Lovecraft Annual No. 13 (2019) edited by S. T. Joshi (book review).

June 15, 2022 | By | Reply More

As its name suggests, the ‘Lovecraft Annual’ is published every year and presents a variety of essays from a range of authors. In this 13th issue, there are fourteen in total, covering a variety of topics that explore and criticise Lovecraft’s stories and poems. As with any such pot pourri, the focus shifts wildly, with some essays unpicking his inspirations or themes, while others move closer to our time, and discuss his relevance in modern popular culture.

Still, even if some of the essays are likely to be of more interest than others, they’re all well-written and move the sum total of Lovecraftian scholarship forwards in useful ways. One or two, indeed, set the bar especially high, providing fresh insight into areas that were ripe for study.

The second essay in the collection, ‘Hungry Fer Victuals I Couldn’t Raise Nor Buy’ by Duncan Norris is one such piece. Simply on reading the title, the reader is reminded of the short story ‘The Picture In The House’, where the unnamed narrator encounters an old man who slowly reveals his cannibalistic tendencies. But people being eaten, whether by other people or monsters of various kinds, is actually rather common that that. Norris starts with a historical perspective, describing some of the literary antecedents including Greek mythology and Spanish commentaries on their conquests in the New World. He also draws historical parallels between Lovecraft’s fiction and the real world, for example comparing elements of the ‘The Picture In The House’ with the mass murdered Albert Fish, captured a few years after the story was written. What Norris manages to do is demonstrate the different ways Lovecraft handles anthropophagy, sometimes even as a metaphor for Darwinism (by having the strong literally preying on the weak) or decadence (as with the degenerate and inbred Martense family in the ‘The Lurking Fear’).

Norris has a second remarkable essay in the collection, ‘Aquaman And Lovecraft: An Unlikely Mating’, which this time gives a pop-culture spin on things. Norris outlines ways various Aquaman stories, both in the comics and in film, have certain distinct parallels with some of Lovecraft’s works, such as marriages between terrestrial and undersea races. He also draws together ideas from media as diverse as the 2018 horror film ‘Bird Box’ and the Twitter posts of director James Wan.

Other essays adopt a more conventional approach to the genre, picking over the bones of Lovecraft’s writing in various ways. The essay ‘The Lovecraftian Solar System’ by Fred Lubnow is one of the more accessible, describing something that many readers will already be familiar with. It’s quite well-known that Lovecraft was a keen amateur astronomer and in fact lived through a particularly exciting phase in the history of the subject. Pluto was discovered in 1930 and, while Lovecraft had just finished ‘The Whisperer In The Darkness’ by that point, in his letters he quickly took to identifying the fictional homeworld of the Mi-Go, Yuggoth, with Pluto. Within his fiction and poetry, Lovecraft also liked to use allusions to astronomical objects and ideas. Lubnow shows that all the planets of our solar system get a few mentions, though sometimes in mysterious ways, as with ‘the strange mists of Jupiter’ in ‘Through The Gates Of The Silver Key’.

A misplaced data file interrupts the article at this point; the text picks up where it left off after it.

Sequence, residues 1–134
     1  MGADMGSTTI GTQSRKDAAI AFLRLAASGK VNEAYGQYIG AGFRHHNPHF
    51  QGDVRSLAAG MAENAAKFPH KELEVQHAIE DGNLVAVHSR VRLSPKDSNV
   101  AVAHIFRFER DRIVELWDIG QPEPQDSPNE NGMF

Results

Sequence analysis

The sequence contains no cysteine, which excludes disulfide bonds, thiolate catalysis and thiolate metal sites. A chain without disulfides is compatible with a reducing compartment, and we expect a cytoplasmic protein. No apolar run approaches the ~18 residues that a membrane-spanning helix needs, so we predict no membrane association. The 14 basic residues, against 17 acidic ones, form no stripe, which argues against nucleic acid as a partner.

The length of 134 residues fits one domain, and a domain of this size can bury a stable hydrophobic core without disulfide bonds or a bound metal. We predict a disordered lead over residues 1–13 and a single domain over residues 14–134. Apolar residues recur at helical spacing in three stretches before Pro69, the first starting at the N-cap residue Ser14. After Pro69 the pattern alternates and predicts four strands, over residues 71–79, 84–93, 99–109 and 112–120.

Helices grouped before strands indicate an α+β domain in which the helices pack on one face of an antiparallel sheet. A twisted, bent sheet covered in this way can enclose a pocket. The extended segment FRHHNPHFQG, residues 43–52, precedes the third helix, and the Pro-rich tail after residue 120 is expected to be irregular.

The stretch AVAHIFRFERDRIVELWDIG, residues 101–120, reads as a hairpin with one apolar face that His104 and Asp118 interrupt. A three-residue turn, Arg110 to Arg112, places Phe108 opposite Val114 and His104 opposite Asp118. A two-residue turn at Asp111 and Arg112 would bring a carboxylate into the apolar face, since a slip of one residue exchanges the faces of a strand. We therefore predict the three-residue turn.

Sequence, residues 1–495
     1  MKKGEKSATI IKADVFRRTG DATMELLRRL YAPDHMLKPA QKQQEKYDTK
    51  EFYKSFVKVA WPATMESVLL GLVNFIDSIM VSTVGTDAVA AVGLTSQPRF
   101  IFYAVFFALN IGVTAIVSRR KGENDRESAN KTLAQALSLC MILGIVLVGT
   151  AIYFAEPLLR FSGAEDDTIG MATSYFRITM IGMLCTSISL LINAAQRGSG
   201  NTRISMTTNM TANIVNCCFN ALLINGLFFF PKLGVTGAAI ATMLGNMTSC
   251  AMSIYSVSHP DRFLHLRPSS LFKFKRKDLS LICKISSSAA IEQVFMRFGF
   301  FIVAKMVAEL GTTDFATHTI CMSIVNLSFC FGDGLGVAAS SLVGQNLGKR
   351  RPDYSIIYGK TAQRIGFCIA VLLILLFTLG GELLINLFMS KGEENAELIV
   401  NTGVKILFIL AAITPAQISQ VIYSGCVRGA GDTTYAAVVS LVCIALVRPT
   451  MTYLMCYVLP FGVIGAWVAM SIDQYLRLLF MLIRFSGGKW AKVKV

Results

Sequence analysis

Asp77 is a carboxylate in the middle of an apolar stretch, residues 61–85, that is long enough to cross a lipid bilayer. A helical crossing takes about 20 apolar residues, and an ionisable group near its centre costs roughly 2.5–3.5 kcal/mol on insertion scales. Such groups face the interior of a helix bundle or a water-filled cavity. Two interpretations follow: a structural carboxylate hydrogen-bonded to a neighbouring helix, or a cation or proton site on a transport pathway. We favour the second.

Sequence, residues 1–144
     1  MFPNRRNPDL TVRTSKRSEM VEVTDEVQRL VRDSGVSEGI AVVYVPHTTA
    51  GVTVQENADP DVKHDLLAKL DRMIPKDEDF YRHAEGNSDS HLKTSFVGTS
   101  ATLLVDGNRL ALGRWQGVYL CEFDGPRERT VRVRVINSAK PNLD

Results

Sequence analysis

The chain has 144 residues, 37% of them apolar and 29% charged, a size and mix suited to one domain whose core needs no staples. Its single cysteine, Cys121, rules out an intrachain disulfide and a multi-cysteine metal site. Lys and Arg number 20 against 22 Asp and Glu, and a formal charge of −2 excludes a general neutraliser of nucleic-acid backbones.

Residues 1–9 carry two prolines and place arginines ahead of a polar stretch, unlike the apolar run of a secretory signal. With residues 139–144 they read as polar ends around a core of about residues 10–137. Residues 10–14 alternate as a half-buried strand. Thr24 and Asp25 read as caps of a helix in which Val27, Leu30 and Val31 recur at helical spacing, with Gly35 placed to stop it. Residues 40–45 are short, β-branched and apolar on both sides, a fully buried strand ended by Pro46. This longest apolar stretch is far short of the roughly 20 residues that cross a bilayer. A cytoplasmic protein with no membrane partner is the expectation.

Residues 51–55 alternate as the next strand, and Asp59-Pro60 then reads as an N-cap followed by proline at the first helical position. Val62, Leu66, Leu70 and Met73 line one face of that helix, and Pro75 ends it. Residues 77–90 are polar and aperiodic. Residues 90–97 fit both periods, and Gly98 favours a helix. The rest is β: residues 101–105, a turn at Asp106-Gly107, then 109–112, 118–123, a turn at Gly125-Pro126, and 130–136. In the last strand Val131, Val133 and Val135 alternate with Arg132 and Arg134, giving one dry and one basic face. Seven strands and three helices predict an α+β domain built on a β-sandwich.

Ann McCarthy’s essay ‘The Pathos In The Mythos’ is particularly interesting in taking on one of the most widely held ideas about Lovecraft’s fiction: that his characters lack substance and exist only to experience the terrifying truth about the cold, vast and above all, unsympathetic universe. This is, after all, the assumption held by critics like Michel Houellebecq that Lovecraft was essentially a nihilist who saw no value in anything the modern world deemed to be important. But what McCarthy does is to reveal ways in which Lovecraft seems to want the reader to feel sympathy for the protagonists.

Take Charles Dexter Ward for example. The latter part of ‘The Case of Charles Dexter Ward’ focuses more on Dr. Willett’s struggle to destroy the Joseph Curwen spirit that has taken over Ward’s body, so it is easy to see Ward as little more than a victim. But the earlier part of the story has moments where Ward’s artistic and historical interests are brought up and, by sympathising with what Ward wanted to do, we better understand how he was brought into Curwen’s orbit.

Scott Meyer makes some equally important points in his essay, ‘Diabolists And Decadents: H.P. Lovecraft As Purveyor, Indulger, And Appraiser Of Puritan Horror Fiction Psychohistory’. It’s hard not to be moved by his observation that, like the Puritans, Lovecraft was not simply a man of his time but more a man out of his time, desperately trying to recapture a mythological time when society was better ordered along more strictly hierarchical lines. Also, like the Puritans, he felt besieged.

Where the Puritan settlers of New England feared disease, starvation and the Native American tribes around their villages, Lovecraft feared change. The loss of regionalism was a particular concern; that is, the loss of the specific New England dialect and traditions he loved so much. Like Nathaniel Hawthorne, Lovecraft described a very particular America that was firmly rooted in a Puritanism that believed that anyone who stepped outside convention would be swiftly and terribly punished.

There’s a lot on this collection of essays to enjoy, from serious literary criticism through to pop culture reviews. For just $15, it’s a bit of a no-brainer if you’re a keen Lovecraftian.

Neale Monks

June 2022

(pub: Hippocampus Press, 2019. 198 page paperback. Price: $15.00 (US), £ 6.17 (UK).

ISBN: 978-1-61498-284-5)

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Category: Books, Horror

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